Ishwar Chandra Vidyasagar
|Ishwar Chandra Vidyasagar|
Ishwar Chandra Vidyasagar
|Native name||ঈশ্বরচন্দ্র বিদ্যাসাগর|
|Born||Ishwar Chandra Bandopadhyay
26 September 1820
Birsingha Village, Bengal Presidency, British India
(now in Paschim Medinipur, West Bengal, India)
|Died||29 July 1891
North Calcutta, Bengal Presidency, British India
(now Kolkata, West Bengal, India)
|Occupation||Writer, reformer, lecturer|
|Education||Sanskrit College, (1829–1839)|
|Genre||Philosopher, academic, educator, translator, Printer, publisher, entrepreneur, Reformer, Philanthropist|
|Literary movement||Bengal Renaissance|
Ishwar Chandra Vidyasagar CIE (26 September 1820 – 29 July 1891), born Ishwar Chandra Bandyopadhyay (Ishshor Chôndro Bôndopaddhae), was an Indian Bengali polymath and a key figure of the Bengal Renaissance. He was a philosopher, academic educator, writer, translator, printer, publisher, entrepreneur, reformer, and philanthropist. His efforts to simplify and modernize Bengali prose were significant. He also rationalized and simplified the Bengali alphabet and type, which had remained unchanged since Charles Wilkins and Panchanan Karmakar had cut the first (wooden) Bengali type in 1780.
He received the title "Vidyasagar" (in Sanskrit vidya means knowledge and sagar means ocean, i.e., Ocean of Knowledge) from Sanskrit College, Calcutta (from where he graduated), due to his excellent performance in Sanskrit studies and philosophy. Noted Bengali mathematician Anil Kumar Gain founded Vidyasagar University, named in his honour.
Ishwar Chandra Vidyasagar was born in a Hindu Brahmin family to Thakurdas Bandyopadhyay and Bhagavati Devi at Birsingha village in the Ghatal subdivision of Paschim Midnapore District on 26 September 1820. At the age of 6, he went to Calcutta and started living in Bhagabat Charan's house in Burrabazar, where Thakurdas had already been staying for some years. Ishwar felt at ease amidst Bhagabat's large family and settled down comfortably in no time. Bhagabat's youngest daughter Raimoni's motherly and affectionate feelings towards Ishwar touched him deeply and had a strong influence on his later revolutionary work towards the upliftment of women's status in India.
His quest for knowledge was so intense that he used to study under a street light as it was not possible for him to afford a gas lamp at home. He cleared all the examinations with excellence and in quick succession. He was rewarded with a number of scholarships for his academic performance. To support himself and the family, Ishwar Chandra also took a part-time job of teaching at Jorashanko. Ishwar Chandra joined the Sanskrit College, Calcutta and studied there for twelve long years and passed out of the college in 1841 qualifying in Sanskrit Grammar, Literature, Rhetoric [Alankara Shastra], Vedanta, Smruti and Astronomy. As per the customs then Ishwar Chandra married at the age of fourteen. His wife was Dinamani Devi. Narayan Chandra Bandyopadhyaya was their only son.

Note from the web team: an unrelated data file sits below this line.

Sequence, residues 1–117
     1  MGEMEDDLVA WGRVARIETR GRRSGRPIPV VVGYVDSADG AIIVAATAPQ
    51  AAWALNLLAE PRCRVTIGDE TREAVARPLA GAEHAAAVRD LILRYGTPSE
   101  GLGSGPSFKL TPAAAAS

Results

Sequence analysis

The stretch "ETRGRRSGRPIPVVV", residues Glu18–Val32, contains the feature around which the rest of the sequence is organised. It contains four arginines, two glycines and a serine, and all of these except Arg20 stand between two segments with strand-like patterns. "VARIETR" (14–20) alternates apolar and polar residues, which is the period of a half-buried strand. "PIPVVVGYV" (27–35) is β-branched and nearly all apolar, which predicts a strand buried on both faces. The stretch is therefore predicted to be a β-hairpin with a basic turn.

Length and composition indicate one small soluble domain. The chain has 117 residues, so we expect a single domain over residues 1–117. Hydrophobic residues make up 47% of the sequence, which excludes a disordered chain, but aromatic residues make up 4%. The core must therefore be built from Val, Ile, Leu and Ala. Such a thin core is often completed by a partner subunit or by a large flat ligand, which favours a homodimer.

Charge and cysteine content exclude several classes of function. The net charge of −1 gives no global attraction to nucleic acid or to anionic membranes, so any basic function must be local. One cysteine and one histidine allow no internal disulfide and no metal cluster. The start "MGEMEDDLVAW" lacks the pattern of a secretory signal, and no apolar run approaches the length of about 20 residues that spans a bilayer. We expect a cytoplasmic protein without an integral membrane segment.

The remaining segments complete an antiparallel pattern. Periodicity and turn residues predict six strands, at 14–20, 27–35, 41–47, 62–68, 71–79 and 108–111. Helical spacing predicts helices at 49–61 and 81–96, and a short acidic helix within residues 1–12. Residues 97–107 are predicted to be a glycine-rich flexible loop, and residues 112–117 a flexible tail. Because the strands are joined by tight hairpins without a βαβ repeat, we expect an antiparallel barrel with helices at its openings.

In the year 1839, Ishwar Chandra Vidyasagar successfully cleared his Law examination. In 1841, at the age of twenty one years, Ishwar Chandra joined Fort William College as head of the Sanskrit department.
After five years, in 1846, Vidyasagar left Fort William College and joined the Sanskrit College as 'Assistant Secretary'. In the first year of service, Ishwar Chandra recommended a number of changes to the existing education system. This report resulted in a serious altercation between Ishwar Chandra and College Secretary Rasomoy Dutta. In 1849, he again joined Sanskrit College, as a professor of literature. In 1851, Ishwar Chandra became the principal of Sanskrit College. In 1855, he was made special inspector of schools with additional charges. But following the matter of Rasomoy Dutta, Vidyasagar resigned from Sanskrit College and rejoined Fort William College as a head clerk.
Vidyasagar championed the uplift of the status of women in India, particularly in his native Bengal. Unlike some other reformers who sought to set up alternative societies or systems, he sought to transform orthodox Hindu society from within.
With support from people like Akshay Kumar Dutta, Vidyasagar introduced the practice of widow remarriages to mainstream Hindu society. In earlier times, remarriages of widows would occur sporadically only among progressive members of the Brahmo Samaj. The prevailing custom of Kulin Brahmin polygamy allowed elderly men — sometimes on their deathbeds — to marry teenage or prepubescent girls, supposedly to spare their parents the shame of having an unmarried girl attain puberty in their house. After such marriages, these girls would usually be left behind in their parental homes, where they might be subjected to orthodox rituals, especially if they were subsequently widowed. These included a semi-starvation, hard domestic labour, and close restriction on their freedom to leave the house or be seen by strangers.